Pac-Land's concept was extremely novel for its time. Unfortunately, despite it's dazzling use of colors and animation, the game play falls a little flat. There are a few secrets to discover here and there, but it lacks the discovery element that made Super Mario Bros. much more successful. In the end, Pac-Land begins to feel like an obstacle course through repeated areas with ever increasing difficulty, as opposed to feeling like you're exploring new territory with each new level. And the drastic departure from the original Pac-Man maze formula left many fans scratching their heads. Still, Pac-Land developed a solid fan base, and became the inspiration for many of Pac-Man's later adventures to come.

Story

A wayward fairy has lost her way when wandering into the world of Pac-Land. Hearing about the great hero of the land, she sought the aid of Pac-Man in order to help her get home. Accepting this great responsibility, Pac-Man invited the fairy to safely stay beneath his hat as he proceeded to find the magic door that leads to the fairy world. But the dreaded ghost monsters of Pac-Land hear about the lost fairy and wish to collect her for their own nefarious purposes. They believe she will grant them all of their wishes. So they set out to catch Pac-Man anyway they can; by car, by plane, by pogo-stick, even by UFO. Will Pac-Man return the fairy safely to her home? And what awaits Pac-Man on the other side of the magic door?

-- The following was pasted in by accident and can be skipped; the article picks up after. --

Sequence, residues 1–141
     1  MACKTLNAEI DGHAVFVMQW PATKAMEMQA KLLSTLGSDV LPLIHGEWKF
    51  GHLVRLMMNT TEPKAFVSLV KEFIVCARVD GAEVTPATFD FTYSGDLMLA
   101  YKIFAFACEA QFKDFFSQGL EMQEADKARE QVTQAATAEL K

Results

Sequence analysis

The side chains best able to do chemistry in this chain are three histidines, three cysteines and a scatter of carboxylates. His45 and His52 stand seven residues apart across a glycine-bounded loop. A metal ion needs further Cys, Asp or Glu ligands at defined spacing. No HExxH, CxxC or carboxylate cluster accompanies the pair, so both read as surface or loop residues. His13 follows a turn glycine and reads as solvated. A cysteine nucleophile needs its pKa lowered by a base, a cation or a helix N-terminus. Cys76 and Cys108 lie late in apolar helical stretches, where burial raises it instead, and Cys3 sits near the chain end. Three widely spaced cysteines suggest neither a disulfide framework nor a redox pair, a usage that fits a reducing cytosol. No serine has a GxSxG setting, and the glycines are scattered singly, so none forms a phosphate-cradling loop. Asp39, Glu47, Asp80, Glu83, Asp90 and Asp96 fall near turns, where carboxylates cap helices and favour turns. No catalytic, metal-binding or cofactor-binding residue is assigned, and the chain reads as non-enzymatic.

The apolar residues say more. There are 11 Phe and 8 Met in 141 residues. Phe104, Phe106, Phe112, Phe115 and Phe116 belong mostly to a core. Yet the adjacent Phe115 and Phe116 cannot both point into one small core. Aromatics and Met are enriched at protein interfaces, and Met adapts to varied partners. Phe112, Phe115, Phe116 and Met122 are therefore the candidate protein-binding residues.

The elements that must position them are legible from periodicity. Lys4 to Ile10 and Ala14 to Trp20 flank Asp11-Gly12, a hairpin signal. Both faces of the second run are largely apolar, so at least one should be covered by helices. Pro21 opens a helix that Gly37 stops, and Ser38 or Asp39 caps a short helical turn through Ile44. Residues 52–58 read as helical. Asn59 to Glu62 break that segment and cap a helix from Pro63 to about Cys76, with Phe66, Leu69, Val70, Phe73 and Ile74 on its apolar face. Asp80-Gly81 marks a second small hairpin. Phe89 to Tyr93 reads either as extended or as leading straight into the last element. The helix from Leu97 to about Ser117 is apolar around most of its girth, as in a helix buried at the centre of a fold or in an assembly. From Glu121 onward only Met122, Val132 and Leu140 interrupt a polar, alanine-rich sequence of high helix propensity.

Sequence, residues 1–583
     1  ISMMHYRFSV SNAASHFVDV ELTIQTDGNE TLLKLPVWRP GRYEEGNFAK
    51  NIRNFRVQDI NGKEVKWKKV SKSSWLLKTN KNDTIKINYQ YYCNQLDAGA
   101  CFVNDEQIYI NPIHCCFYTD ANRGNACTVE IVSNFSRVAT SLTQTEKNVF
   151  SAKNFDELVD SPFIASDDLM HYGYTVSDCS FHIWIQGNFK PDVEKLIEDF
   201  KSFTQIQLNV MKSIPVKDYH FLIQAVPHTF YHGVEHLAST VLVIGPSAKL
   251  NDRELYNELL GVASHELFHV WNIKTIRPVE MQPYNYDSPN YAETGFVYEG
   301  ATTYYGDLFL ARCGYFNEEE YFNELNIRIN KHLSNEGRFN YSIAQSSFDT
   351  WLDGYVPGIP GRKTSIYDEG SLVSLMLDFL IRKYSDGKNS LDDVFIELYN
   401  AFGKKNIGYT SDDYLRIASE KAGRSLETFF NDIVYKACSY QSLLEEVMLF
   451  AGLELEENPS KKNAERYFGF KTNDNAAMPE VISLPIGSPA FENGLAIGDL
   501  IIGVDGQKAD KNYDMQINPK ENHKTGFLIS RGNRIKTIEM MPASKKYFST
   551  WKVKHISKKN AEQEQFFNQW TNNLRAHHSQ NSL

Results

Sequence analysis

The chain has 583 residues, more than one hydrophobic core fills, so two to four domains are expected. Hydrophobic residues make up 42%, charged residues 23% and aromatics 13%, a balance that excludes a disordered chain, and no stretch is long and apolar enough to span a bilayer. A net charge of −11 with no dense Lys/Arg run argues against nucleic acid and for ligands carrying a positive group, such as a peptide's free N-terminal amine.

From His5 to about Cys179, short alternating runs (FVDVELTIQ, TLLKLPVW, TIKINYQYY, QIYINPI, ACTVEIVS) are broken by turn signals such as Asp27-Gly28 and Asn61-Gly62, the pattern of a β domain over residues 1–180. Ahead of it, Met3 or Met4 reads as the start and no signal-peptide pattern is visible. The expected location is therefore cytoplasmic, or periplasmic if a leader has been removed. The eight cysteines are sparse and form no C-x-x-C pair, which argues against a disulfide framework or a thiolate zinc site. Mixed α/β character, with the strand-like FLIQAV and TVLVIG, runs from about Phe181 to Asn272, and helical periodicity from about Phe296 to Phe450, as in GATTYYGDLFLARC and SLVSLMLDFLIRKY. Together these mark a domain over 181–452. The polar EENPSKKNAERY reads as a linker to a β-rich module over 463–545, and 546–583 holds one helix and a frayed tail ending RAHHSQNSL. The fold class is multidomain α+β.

Table of Contents

Gameplay summary

Title screen
  • You control Pac-Man with the left and right run buttons and the jump button. Double tap the run buttons to speed up Pac-Man's movement.
  • Along the way, the ghost monster will come at you in various vehicles, while Sue alone trails behind you throughout each stage. Contact with any ghost (including the little ones that they drop) is deadly.
  • Each stage has a time limit. When the time limit is up, Sue speeds up and rushes forward to catch and kill you. You can't outrun her, but you might reach the end of the stage before she captures you.
  • In some rounds, you may encounter a Power Pellet. Eating one has the same effect as usual; the ghosts turn blue and are edible for a short period of time.
  • Throughout your travels, you will find various fruit that you can eat for bonus points. The point value of the fruit increases until you've eaten your fourth, and then it returns to the original value.
  • At the end of each stage, is a "Break Time" sign. If you time your jump properly, you will be awarded bonus points for you position in the air when Pac-Man freezes.